Heywood company says it can solve 'crisis' facing major supermarketsEx paratrooper Darren Wright

Alec McFadden, formerly manager of the Salford Unemployed Community Resource Centre for 24 years, is the National Project Co-ordinator and a director with Veterans into Logistics. He said: “For many veterans a decent job is all they need to get that leg-up and make a fresh start in the community. It is really a no-brainer to give them the opportunity to do the training and become LGV drivers and at the same time filling that much-needed gap to keep our supply chains running efficiently.

“I went into my local supermarket this week and the shelves were bare. I asked what was going on and staff told me they had been told to say they had had a busy day. I asked what was really happening and they said it was due to a shortage of drivers delivering produce.

“We already have 100 ex veterans wanting to be trained as drivers and we can guarantee them jobs with salaries of GBP30,000 to GBP50,000. We just need urgent help to sort out the training with about GBP1m in funding. ” The scheme is also backed by MP’s Graham Brady, Lucy Powell and Graham Stringer.

Heywood company says it can solve 'crisis' facing major supermarketsAlec McFadden former TUC/welfare rights supremo now working for Veterans Into Logistics

He added: “The Government has agreed to fast track and relocate thousands of Afghans into the UK, who worked for the British Military, when foreign forces leave Afghanistan.

We will open our training and job opportunities to them when they arrive in the UK, and they will become our second priority after our veterans. “We will make contact with the MOD through our established contacts and local member of Parliament Chris Clarkson. Further information will be available in the coming weeks.”

Speaking to Fresh Produce Journal about the crisis, Mr O’Malley said: “In all my years in fresh produce I’ve never seen anything like this. “For example, we supply one of the largest restaurant chains in the UK. It goes without saying how much they’ve suffered throughout the pandemic.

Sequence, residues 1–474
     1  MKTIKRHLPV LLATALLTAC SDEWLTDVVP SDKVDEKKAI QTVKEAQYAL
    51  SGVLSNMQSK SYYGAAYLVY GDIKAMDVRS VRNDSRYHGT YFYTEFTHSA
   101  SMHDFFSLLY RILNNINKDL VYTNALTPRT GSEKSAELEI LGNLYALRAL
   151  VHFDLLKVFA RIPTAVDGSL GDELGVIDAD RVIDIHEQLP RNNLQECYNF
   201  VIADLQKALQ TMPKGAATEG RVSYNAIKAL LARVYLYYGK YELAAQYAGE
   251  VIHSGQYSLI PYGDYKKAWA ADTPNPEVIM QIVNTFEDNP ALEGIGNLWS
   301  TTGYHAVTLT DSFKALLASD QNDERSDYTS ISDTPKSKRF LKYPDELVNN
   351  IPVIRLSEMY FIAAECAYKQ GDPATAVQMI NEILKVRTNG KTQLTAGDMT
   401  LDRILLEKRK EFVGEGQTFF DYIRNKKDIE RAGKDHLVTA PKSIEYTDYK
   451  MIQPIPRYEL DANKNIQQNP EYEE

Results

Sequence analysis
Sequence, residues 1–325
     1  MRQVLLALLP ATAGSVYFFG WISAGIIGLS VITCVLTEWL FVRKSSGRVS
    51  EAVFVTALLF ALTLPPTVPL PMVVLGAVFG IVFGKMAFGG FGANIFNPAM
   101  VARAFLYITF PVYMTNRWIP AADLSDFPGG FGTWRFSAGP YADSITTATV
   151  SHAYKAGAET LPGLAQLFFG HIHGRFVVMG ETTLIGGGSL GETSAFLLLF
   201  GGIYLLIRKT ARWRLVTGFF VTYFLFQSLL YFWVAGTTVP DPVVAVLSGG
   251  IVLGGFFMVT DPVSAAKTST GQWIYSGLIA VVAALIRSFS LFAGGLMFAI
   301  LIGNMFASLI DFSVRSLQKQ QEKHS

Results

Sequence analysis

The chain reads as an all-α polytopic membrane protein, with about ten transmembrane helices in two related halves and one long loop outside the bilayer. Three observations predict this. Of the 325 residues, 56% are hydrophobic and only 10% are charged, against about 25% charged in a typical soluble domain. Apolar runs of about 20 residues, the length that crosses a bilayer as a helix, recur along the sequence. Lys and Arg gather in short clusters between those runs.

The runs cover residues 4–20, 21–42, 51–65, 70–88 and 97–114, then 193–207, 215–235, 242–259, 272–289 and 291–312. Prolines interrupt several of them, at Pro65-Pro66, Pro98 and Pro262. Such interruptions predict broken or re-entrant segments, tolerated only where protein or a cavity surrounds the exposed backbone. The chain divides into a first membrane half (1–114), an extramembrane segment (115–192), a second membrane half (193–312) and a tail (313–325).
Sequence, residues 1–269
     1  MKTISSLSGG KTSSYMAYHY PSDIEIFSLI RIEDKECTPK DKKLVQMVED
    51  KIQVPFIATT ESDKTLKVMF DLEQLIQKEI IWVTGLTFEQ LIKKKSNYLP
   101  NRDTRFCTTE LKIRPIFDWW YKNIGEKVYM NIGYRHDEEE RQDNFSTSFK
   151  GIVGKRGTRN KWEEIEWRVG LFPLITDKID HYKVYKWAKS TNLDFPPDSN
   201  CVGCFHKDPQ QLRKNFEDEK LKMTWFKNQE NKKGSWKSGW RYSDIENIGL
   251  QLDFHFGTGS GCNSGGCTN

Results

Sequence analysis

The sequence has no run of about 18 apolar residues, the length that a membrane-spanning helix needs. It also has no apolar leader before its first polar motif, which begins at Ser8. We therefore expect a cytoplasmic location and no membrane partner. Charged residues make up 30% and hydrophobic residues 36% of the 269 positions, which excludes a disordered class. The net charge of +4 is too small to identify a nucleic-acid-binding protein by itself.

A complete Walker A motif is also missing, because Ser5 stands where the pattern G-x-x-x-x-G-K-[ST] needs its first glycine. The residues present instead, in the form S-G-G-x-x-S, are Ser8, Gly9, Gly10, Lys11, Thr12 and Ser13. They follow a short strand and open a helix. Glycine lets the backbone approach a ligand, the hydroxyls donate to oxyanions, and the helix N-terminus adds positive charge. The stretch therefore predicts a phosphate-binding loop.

However, business is booming for them at the moment.

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“On Sunday, our guy who handles their account received a call from our haulier at 1pm to say that due to a shortage of lorry drivers, they cannot deliver anything to any of the depots for our restaurant customer that evening. “We reminded them that all the goods were graded and packed and ready to go.

They said they simply could not deliver due to a lack of drivers. After hours of begging and pleading we managed to get them to deliver to one of the eight depots.” He said he had heard of one major supermarket chain that had failed to receive an expected 22 full loads of produce this weekend due to the shortage.

Andrew Opie, director of food and sustainability at the British Retail Consortium, said: “Retailers are aware of a fall in HGV driver numbers and are working with their suppliers to ensure that consumers still have the same great selection of fresh produce.

Nonetheless, a long-term solution is needed, and we need Government to increase the number of HGV driving tests.”